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  • In this study we further expanded the

    2022-01-18

    In this study, we further expanded the antitumor bioactivity, with the BALB/c S-180 tumor model, which is long-established due to its highly aggressive in all strains of laboratory mice and rats (Cui et al., 2003). We investigated the tumor-regressing ability of β-glucan by different modes of administration, and established the connection between β-glucan and CD4+ T ISX 9 synthesis in tumor immune responses.
    Materials and methods
    Results and discussion
    Conclusion In summary, three β-glucans (AG, SG, and CG) from Lentinus edodes with different sources were isolated with the same chemical structure and different molecular weights. They all exhibited strong antitumor activity and the AG β-glucan with the highest antitumor bioactivity was chosen to investigate the mechanism of tumor-suppression in vivo. AG administrated orally, intraperitoneally or intratumorally all inhibited tumor-growth and targeted the tumor sites. AG up-regulated the CD4+ T cell level in lymphoid organs to reverse the impact of tumor burden, as well as in healthy mice. AG treatment altered the tumor microenvironment, promoted CD4+ T cell and neutrophil infiltration into tumor sites, drove neutrophils to the tumor site or directly recruits neutrophils from peripheral blood to kill tumors. This study thus offers a better understanding for treating cancer by oral β-glucans or a more effective way by intratumoral administration.
    Acknowledgement We gratefully acknowledge the financial supports from the National Natural Science Foundation of China (21574102, 21875167, and 21274114).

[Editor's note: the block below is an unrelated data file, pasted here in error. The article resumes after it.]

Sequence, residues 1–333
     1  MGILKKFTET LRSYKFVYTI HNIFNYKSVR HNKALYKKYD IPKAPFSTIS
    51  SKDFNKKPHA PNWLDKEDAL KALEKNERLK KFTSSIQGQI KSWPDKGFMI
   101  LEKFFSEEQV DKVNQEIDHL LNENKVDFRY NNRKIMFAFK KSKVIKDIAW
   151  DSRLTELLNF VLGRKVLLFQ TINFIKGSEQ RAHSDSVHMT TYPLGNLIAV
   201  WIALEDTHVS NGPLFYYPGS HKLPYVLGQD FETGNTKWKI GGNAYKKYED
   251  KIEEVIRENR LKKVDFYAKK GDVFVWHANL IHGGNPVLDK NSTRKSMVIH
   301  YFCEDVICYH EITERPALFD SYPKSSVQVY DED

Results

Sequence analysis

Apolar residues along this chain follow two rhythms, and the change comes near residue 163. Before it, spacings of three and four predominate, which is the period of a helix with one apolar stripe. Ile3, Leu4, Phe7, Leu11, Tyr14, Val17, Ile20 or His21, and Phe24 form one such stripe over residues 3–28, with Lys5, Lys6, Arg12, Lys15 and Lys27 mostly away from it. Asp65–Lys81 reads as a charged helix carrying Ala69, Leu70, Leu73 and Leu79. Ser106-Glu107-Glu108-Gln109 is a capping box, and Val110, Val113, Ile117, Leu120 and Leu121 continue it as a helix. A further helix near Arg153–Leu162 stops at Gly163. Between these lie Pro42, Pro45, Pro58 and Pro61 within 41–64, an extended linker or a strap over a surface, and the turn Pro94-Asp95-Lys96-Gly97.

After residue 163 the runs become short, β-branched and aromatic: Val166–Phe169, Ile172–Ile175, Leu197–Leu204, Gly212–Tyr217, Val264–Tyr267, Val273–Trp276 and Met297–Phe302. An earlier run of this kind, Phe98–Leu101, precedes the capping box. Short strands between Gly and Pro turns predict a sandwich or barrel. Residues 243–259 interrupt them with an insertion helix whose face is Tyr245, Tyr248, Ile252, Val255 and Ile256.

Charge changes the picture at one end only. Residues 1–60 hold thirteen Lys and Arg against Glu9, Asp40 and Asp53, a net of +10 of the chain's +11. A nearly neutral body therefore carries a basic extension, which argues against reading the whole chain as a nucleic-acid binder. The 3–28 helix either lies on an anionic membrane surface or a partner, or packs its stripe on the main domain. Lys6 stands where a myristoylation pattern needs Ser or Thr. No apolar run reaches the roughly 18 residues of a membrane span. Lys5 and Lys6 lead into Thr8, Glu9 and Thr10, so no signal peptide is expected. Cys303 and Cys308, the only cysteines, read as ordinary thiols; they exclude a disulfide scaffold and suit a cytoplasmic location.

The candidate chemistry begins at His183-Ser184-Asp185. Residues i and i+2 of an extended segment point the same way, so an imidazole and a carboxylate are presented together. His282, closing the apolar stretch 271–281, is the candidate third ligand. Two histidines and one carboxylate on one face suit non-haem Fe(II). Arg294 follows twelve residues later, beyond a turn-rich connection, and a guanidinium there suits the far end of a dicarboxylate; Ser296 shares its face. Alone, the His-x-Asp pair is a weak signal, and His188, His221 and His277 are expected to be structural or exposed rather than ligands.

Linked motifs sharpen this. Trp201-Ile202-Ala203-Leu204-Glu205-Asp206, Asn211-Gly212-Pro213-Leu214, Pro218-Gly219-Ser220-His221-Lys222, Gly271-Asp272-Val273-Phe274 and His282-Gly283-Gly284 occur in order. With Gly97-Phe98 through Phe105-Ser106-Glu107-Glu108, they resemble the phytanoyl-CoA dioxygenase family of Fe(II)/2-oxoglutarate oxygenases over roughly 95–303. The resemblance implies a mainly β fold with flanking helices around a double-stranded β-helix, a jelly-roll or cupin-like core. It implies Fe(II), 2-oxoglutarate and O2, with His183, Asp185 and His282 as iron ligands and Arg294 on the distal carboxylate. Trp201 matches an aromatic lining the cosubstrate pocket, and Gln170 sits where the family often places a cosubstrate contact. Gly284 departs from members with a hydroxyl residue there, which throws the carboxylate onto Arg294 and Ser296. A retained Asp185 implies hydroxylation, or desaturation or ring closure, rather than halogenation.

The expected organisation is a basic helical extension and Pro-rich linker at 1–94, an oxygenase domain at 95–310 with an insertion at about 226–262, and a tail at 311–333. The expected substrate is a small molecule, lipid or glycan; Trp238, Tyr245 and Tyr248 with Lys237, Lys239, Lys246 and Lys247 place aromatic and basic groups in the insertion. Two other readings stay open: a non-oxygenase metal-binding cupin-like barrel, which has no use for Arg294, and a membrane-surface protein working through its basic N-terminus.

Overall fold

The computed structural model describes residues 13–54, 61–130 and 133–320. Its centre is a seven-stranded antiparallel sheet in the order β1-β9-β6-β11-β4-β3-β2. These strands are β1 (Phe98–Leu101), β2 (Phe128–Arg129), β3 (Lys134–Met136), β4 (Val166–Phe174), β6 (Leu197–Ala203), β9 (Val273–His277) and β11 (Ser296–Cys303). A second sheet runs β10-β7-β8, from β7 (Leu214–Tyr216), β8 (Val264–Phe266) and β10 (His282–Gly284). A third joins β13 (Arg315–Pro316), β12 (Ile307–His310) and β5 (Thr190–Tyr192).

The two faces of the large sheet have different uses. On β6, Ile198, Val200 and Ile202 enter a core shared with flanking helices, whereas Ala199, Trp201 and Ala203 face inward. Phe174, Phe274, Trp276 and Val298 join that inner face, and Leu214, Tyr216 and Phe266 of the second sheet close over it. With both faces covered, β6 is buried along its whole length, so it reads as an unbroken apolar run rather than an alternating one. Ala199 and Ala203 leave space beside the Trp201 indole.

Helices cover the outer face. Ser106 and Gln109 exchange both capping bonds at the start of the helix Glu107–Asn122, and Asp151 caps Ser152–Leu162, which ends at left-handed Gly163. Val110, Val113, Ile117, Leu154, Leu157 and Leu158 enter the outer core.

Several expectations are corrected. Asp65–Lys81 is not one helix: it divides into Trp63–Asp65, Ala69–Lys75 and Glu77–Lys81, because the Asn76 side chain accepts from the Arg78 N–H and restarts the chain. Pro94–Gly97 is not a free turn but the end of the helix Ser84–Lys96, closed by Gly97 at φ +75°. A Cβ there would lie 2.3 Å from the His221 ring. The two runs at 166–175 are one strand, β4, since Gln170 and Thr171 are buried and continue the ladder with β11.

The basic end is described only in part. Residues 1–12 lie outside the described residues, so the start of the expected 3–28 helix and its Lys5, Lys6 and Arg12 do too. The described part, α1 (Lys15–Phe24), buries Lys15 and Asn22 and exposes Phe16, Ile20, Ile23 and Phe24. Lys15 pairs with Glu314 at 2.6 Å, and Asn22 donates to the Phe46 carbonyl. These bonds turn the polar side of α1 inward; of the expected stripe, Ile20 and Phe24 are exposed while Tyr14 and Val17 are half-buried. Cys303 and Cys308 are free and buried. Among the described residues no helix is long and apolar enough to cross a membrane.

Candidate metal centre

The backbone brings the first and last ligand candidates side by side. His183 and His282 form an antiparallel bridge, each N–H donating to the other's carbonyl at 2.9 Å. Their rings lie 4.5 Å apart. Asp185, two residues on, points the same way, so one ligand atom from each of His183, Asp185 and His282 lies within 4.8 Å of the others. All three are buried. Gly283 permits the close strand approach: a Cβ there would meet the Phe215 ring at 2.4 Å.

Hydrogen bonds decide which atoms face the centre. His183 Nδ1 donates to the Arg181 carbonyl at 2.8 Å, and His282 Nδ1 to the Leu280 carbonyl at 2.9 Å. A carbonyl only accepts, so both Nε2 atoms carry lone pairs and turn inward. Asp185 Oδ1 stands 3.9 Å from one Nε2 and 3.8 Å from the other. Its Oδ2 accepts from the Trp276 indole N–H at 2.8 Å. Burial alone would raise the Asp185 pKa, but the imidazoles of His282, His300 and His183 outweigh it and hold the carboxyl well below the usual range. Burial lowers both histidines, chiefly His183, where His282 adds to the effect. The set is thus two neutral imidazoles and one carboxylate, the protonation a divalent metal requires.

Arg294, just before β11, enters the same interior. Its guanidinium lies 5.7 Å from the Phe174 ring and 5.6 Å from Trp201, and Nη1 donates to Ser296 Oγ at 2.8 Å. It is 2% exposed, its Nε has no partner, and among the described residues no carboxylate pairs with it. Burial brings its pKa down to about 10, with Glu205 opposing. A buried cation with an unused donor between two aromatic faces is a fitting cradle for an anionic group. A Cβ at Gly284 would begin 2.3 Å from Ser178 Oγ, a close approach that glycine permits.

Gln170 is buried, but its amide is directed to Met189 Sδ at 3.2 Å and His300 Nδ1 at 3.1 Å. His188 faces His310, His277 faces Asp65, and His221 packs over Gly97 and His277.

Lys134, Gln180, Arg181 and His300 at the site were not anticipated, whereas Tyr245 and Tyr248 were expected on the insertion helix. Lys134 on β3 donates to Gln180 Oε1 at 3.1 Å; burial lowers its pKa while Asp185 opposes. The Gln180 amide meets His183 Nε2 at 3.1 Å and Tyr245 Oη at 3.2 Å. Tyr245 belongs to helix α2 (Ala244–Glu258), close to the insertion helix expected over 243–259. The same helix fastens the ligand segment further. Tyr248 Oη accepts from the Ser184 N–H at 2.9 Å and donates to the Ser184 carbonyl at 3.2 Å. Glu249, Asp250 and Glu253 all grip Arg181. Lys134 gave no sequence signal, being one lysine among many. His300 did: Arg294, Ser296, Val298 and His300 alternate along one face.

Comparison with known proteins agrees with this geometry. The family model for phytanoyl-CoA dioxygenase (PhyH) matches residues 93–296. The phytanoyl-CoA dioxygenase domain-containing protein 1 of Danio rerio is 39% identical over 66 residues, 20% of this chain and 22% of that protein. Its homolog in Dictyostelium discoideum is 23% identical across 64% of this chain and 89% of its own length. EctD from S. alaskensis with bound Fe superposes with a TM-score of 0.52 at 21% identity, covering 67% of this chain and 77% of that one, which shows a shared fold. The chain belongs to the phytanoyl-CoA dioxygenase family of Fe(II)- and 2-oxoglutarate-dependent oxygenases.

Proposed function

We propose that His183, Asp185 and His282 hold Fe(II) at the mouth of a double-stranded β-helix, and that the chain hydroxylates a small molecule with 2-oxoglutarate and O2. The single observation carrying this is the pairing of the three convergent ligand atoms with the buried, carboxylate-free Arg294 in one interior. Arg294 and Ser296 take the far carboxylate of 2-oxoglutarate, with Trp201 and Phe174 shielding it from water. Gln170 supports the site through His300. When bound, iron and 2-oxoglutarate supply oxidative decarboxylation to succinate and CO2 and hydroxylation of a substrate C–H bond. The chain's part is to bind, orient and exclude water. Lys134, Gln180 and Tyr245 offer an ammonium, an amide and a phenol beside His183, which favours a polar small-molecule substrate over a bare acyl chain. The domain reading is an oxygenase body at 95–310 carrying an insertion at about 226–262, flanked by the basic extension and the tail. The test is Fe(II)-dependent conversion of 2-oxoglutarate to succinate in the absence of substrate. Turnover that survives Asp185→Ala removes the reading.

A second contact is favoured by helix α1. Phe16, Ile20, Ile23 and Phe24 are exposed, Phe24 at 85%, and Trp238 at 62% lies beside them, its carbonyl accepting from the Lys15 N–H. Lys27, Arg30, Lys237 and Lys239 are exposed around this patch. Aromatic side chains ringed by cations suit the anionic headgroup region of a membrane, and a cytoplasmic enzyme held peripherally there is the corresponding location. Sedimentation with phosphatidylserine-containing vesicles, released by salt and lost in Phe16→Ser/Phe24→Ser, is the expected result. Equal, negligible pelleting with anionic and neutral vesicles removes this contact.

Introduction Homeostasis is an essential period of the T cell lifespan during which various extrinsic signals are required to ensure T cell survival (Sprent et al., 2008, Surh and Sprent, 2008). In immunocompetent environments, naive T cells actively maintain quiescence as a means of avoiding overpopulation and loss due to neglect (Takada and Jameson, 2009). Alternatively, in lymphopenic hosts, naive T cells exhibit increased proliferative capacity as a means of reconstituting the host’s immune system. Because homeostasis requires a delicate balance between quiescence and proliferation, regulatory mechanisms are in place to safeguard against aberrant T cell responses. However, there remains a gap in our understanding as to how bioenergetics play a role in this process. In particular, lymphocyte activation gene-3 (LAG-3) has gained prominence as a key inhibitory receptor in various disease models (Delmastro et al., 2012, Jha et al., 2014). LAG-3 is structurally homologous to CD4 and possesses a greater affinity for their shared ligand, major histocompatibility complex (MHC) class II (Huard et al., 1997, Workman et al., 2002). Although the various inhibitory effects mediated by LAG-3, including dampening proliferation and Interferon γ (IFNγ) production (Workman et al., 2004, Workman and Vignali, 2003), have been characterized, its downstream signaling remains elusive. LAG-3 is also able to undergo proteolytic cleavage from the surface of cells via metalloprotease activity (Li et al., 2007), thereby alleviating its inhibitory effect. This additional level of post-translational regulation is unique to LAG-3, suggesting that LAG-3 serves as more of a modulator than an ultimate break. Naive CD4+ T cells express low levels of LAG-3 (Huang et al., 2004); nevertheless, LAG-3 engagement negatively regulates these cells. Studies examining global knockout (Workman and Vignali, 2005) and antibody blockade (Durham et al., 2014) indicated that homeostatic expansion is tightly regulated by LAG-3 in immunocompetent and lymphopenic animals. It is becoming more evident that cellular metabolic programs are essential for driving the identity and functionality of T cells. Unlike activated T cells, which demonstrate robust aerobic glycolysis to maximize macromolecule synthesis and energy, naive CD4+ T cells are considered metabolically quiescent (MacIver et al., 2013). Naive T cells rely predominantly on oxidative phosphorylation (OXPHOS) via mitochondria for generating ATP (Hua and Thompson, 2001). Signaling through the cytokine Interleukin-7 (IL-7) in naive T cells is essential for maintaining not only their survival, but also their metabolic profile (Jacobs et al., 2010, Wofford et al., 2008). IL-7 has been shown to increase glucose uptake in an Akt/signal transducer and activator of transcription 5 (STAT5)-dependent manner (Barata et al., 2004, Jacobs et al., 2010, Wofford et al., 2008). Alternatively, loss of CD127 (IL-7Rα) expression or antibody blockade disrupts naive T cell homeostasis, resulting in decreased proliferation and viability (Akashi et al., 1997, Gonzalez-Quintial et al., 2011).